We customize every single Malay Language Enrichment Programme to meet your Budget, Student Needs and the Learning Outcomes that Teachers Want for their Students! (We know what’s important to you cause one of our Directors is a certified Teacher/Trainer from Cambridge!)

SO, here’s what we are suggesting – We can work together to plan out an ENTIRE YEAR Malay Language Enrichment Programme for you! No more headaches for the rest of the year on how to allocate your budget then because we will help you resolve that budgeting problem! We can also help you source out for Artefacts or Resource Materials related to the Malay Culture and Heritage as how we have done for National Junior College!

Gamelan Set for National Junior College

Gamelan Set for National Junior College

Batik Set for National Junior College

Batik Set for National Junior College

Here’s what you can be assured of when you take us as your vendor:
1-You will also be supporting the livelihood of our dedicated and well-trained trainers! and
2- Ensure that we can continue to awesomely deliver! and
3- Challenge us to do more than what we are doing at the moment!

So let’s meet up and discuss what we can do for you!

NO OBLIGATIONS to take us if you don’t think we can deliver for you!

Drop us an email to our Arts & Education Director ( or send us a DM Tweet (@ByDefinitionSG) or drop us a PM on our FB (By Definition Facebook) and arrange for an appointment with us!

See! So high tech, can reach us through any method via your Smart Phone!

Hope to see you soon!

Tweet: @ByDefinitionSG
Instagram: @ByDefinition
YouTube Channel: By Definition SG

Be A Mentor, Find Your Match!

What’s Abd?!!

Youth Mentor (noun): someone who gives guidance and is like a big sister/ brother to a young person who has social problems or is retarded

mentor (noun): a wise and trusted guide and teacher

Mentoring is not just a form of volunteer work whereby you help out in events during a scheduled period of time.

Mentoring is a form of volunteer work which requires one to help assist in the development of a child/ youth to reach his/ her fullest potential through proper guidance and support.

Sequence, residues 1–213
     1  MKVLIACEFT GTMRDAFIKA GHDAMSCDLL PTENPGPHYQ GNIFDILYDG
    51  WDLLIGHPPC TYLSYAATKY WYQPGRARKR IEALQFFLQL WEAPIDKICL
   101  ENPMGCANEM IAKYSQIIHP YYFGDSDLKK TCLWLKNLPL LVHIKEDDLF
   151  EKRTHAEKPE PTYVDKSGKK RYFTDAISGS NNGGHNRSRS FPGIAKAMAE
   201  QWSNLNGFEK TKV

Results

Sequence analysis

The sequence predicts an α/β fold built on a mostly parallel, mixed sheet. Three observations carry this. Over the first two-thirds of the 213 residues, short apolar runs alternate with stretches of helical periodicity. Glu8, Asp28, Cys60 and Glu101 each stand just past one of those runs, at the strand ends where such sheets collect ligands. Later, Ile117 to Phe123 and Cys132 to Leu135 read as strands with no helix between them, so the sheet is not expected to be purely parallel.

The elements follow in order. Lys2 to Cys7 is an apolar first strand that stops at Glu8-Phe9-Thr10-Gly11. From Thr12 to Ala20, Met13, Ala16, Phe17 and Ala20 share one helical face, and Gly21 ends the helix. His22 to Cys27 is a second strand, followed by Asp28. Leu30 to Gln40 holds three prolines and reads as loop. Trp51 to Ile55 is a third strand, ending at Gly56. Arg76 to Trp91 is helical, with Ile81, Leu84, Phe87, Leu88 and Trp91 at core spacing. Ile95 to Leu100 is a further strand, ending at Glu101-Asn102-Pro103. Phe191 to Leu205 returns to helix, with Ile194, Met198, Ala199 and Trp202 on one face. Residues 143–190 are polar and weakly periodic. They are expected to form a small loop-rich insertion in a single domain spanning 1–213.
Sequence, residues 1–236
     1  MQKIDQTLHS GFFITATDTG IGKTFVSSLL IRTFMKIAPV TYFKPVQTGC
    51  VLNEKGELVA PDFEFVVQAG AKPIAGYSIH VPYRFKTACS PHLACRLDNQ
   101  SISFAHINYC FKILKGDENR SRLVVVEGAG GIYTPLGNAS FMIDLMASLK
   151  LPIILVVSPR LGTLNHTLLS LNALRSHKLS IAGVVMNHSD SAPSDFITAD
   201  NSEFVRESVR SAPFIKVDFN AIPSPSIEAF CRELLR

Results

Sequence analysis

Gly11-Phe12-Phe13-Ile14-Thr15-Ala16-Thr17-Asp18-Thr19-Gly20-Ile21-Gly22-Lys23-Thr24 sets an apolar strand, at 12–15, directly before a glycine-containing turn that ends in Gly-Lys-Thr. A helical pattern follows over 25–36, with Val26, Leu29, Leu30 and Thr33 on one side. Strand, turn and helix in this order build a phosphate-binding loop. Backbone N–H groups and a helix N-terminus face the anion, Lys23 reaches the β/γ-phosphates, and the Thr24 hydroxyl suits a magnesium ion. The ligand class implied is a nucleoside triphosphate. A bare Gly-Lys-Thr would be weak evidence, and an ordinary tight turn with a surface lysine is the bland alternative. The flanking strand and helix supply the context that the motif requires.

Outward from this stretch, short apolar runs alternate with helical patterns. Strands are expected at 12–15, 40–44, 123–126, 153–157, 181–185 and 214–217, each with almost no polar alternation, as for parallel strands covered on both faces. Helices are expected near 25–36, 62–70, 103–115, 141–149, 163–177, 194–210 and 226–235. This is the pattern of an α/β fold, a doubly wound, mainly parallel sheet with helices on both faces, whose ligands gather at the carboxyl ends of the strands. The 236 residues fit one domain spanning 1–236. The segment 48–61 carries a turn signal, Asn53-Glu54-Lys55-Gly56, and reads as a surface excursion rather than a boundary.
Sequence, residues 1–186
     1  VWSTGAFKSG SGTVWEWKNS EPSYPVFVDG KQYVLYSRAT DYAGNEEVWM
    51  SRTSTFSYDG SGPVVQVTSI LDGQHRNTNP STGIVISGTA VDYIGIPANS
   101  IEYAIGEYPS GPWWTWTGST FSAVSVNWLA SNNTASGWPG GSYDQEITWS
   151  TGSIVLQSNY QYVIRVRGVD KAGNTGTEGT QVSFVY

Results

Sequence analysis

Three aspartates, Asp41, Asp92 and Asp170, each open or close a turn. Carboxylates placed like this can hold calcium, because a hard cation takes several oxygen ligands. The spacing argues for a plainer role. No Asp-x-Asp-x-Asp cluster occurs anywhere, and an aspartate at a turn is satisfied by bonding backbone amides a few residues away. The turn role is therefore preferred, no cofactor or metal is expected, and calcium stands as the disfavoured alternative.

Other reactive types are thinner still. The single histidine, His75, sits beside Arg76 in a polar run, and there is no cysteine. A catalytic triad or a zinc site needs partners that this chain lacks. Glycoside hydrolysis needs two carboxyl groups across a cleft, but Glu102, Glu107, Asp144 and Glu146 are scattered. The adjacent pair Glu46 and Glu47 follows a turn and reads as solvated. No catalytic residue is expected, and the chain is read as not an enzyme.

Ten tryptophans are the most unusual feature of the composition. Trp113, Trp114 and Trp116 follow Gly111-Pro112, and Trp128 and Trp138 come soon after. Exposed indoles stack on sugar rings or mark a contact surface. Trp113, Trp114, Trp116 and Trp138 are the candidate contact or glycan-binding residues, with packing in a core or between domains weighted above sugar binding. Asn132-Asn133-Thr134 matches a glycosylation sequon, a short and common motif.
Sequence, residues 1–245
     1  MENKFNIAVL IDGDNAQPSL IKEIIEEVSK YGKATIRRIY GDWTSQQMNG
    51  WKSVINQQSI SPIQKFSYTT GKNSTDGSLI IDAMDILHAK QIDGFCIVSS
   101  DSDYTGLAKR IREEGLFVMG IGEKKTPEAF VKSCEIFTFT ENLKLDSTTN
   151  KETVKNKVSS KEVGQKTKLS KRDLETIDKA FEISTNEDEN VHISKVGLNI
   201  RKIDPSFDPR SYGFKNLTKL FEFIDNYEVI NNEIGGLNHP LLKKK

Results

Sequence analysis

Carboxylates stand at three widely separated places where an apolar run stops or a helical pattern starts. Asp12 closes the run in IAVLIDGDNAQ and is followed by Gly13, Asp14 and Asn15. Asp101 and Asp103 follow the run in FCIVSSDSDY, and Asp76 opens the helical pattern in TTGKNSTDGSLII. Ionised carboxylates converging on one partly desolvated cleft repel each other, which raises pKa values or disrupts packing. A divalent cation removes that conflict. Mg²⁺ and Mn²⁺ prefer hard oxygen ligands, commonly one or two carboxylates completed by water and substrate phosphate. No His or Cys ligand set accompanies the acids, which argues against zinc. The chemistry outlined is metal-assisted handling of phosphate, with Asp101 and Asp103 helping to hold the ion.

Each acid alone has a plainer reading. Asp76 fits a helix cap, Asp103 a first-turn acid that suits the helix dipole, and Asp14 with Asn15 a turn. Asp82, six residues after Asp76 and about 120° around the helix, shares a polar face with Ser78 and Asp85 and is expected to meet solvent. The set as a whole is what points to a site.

It is not merely a touch and go event, it is an event that touches you as you go along. It is something that you shoulder in your life’s journey.

Mentoring is a form of social responsibility and commitment.

It takes a very dedicated individual who is socially responsible and commited to be a mentor.

Having been a mentor at Yayasan MENDAKI (a Malay/ Muslim self-help organisation in Singapore) since I first started out in December 2005, I have since grown attached to it.

It is not the awards that I receive nor is it the exchange program that I was nominated to attend that grips me. It is the belief that in order to see change that you want, then you must put in the effort to make that change. And I clearly have a change that I want to make in this Malay/ Muslim community that is plagued by many negative stigmas attached to it.

True to a certain point that having received awards and be given the opportunity to participate in a prestigious exchange program is definitely enticing. However, only those who have shown their dedication as well as leadership potential and the ability to re-contribute back to society will be given the opportunity.

Such opportunities are in abundance but such individuals are a rarity.

Clearly if someone like me who’s been known for more vices than good is able to be socially responsible and commited, I’m sure there are many others out there who are able to.

I started out searching for something to fill my empty time with, yet I found something addictive. Those who say that they have no idea how to go about mentoring need not fear because there is a group of experienced mentors and a whole organisation of dedicated individuals supporting you and giving you that guidance that you need.

In the words of Liverpooldians, “You’ll Never Walk Alone”

And for those of you who say that you are too young or too old, I say that no one is ever too young or too old because there is someone out there who’s in need of a mentor waiting for his/ her perfect match.

And if you tell me that whats the point of getting a perfect match but not able to find your match in life? Trust me. You never know because you may just find that match that you have been seeking for because mentoring is not just a gender bias community of individuals. Mentoring is a collective group of individuals from both genders and from different as well as exciting backgrounds.

Unfortunately, there’s just a small group of male mentors who is constantly being surrounded by a larger pool of female mentors.

For those of you who are think you have what it takes or wish to find out more, drop me an email. I think I should be able to give you a good idea on what it’s all about and I will definitely be one of those mentors you will be seeing often, unfortunately.

[First mentoring experience was a Duck Tour trip]

[Basic Mentoring Training is something all mentors will have to undergo]

[Night Cycling, one of the flagship mentoring events held yearly]

[The boy who said he wanted to be a mentor like me when he grew up, “Thank You”. You are why I feel happy mentoring]

[One of my most playful mentees till date and definitely adorable no matter what others say about them]

[Nora, one of the female mentors who has since left mentoring due to work commitments. You are being missed]